too many Brussel sprouts I think…
I sit here, my fountain pen poised above the notebook that I write my ideas… and yet for once, that’s where the pen stays. Normally, within seconds it rests upon the lined paper and the ink then flows to keep my idea for as long as I hold onto that notebook. But today then ink remains in the pen. If I had a quill pen, where the ink is drawn up into the nib from dipping it into the inkwell, I’m sure that it would have started to drip by now, or would at least start to dry such that when I do start to write the first action will be to push hard on the nib to break the dried ink. But today, my mind is blank – except for ideas that I am pretty sure I’ve already written about – or if not, started then discarded. I’m quite fortunate that generally I can remember the stories about graves being dug, swinging axes, hot sands, ghost trains, mistaken identities, hot air balloons – enough to remember when they became a short story, or part of a much longer story.
I think about putting the pen down, but that’s admitting defeat – or worse, inviting the outside world to enter into my study, present itself and remind me that the grass needs cutting, the clothes need ironing or that I had promised to get that job done by last weekend. No, this is my creative time and I need to be creative.
So I look up – look out through the window to the world at large. That world that has provided inspiration of rains coming across the plains, of men and women trudging along dirt tracks to the local village, of highwaymen – but today everything is a uniform grey colour, the rain and clouds obscuring the hill in the distance upon which my magical castle has stood for millennia… in my mind at least. Even outside is uninspired to do something interesting – the grey reflected in the blank sheet of lined paper, waiting for my ideas.
With nothing in the distance to inspire, I turn to my other creative source: my desk. Although there is a small part that is clear for writing, or typing if I’ve got my computer set up, it is surrounded with trinkets and nicknacks that have provided ideas that I can use. I look at the compass that inspired “The Navigation Watch” or the little figure of a robot in cowboy garb – and then I see that block of wood, given to me by a well-meaning friend.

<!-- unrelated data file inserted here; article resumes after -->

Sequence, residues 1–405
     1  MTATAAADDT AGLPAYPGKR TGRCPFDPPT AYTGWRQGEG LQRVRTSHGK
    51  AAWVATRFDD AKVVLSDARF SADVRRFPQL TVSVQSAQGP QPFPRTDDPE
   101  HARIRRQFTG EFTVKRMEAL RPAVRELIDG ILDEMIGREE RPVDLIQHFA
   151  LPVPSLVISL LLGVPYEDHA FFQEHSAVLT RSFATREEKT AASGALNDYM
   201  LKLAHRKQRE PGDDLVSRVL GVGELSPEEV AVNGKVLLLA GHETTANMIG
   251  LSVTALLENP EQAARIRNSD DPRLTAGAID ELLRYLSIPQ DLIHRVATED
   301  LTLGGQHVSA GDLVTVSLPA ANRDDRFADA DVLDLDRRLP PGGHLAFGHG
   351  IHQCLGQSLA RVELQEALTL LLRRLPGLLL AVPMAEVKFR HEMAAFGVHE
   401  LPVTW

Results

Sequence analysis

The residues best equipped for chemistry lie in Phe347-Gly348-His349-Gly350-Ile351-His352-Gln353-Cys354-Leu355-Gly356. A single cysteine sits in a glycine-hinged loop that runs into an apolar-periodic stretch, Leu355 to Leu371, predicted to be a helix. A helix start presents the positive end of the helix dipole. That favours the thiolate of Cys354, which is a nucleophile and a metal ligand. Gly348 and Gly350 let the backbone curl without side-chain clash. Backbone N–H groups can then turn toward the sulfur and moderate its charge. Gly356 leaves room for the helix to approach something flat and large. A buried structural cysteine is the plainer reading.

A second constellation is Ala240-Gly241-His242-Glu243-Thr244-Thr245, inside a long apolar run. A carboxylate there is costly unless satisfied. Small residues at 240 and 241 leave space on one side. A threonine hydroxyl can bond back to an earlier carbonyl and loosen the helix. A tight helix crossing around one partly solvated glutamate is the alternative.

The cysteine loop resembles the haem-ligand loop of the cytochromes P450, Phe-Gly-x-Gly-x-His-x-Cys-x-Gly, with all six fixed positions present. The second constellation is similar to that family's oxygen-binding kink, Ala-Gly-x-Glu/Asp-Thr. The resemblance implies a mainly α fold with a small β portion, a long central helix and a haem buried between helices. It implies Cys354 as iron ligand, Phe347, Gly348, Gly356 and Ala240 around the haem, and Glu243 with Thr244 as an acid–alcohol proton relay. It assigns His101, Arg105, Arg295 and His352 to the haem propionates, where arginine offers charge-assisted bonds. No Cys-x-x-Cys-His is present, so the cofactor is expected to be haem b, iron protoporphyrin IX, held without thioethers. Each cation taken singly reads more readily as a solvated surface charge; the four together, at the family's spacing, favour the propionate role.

I pick up the block. It’s about four inches cubed, made from a dark, old wood – the patterning from the rings clearly visible as almost black lines that traverse four of the six sides. There’s a warmth to the wood even though it’s not heated. I turn it absent mindedly in my fingers, feeling the warm wood against my fingers and palms. I raise the block up to my nose and inhale. There’s a faint smell, not a strong one, but I can smell the wood – I can smell the forest. I can smell the sun as it warms the leaves on the branches, and see the dappled sunlight that now dances across my desk. My eyes sense a movement, and my head snaps to the right and I see a deer, alert, it sees me and I watch it as it runs off further into the wood. I can hear the birds as they mark their territory by song. But wait, there’s something else – there’s someone else. There, over by that bush… it’s a boy, he’s crouched down, waiting for something for someone. Behind me I can hear the sound of hooves – there’s an approaching rider. I have to move to the side as the horse rushes past – the rider, seated in chain mail is pushing on urgently. As he passes, the boy stands up, levels his bow, draws and…
The cat pushes her face into mine. She’s hungry and the real world has come into my study.
“Okay”, I say, “Let me get you something. Come on.”
I put my wooden block down on my notepad. The letters, carved carefully and neatly into that four inch cube, taunt me.
“The Writer’s Block”, it says.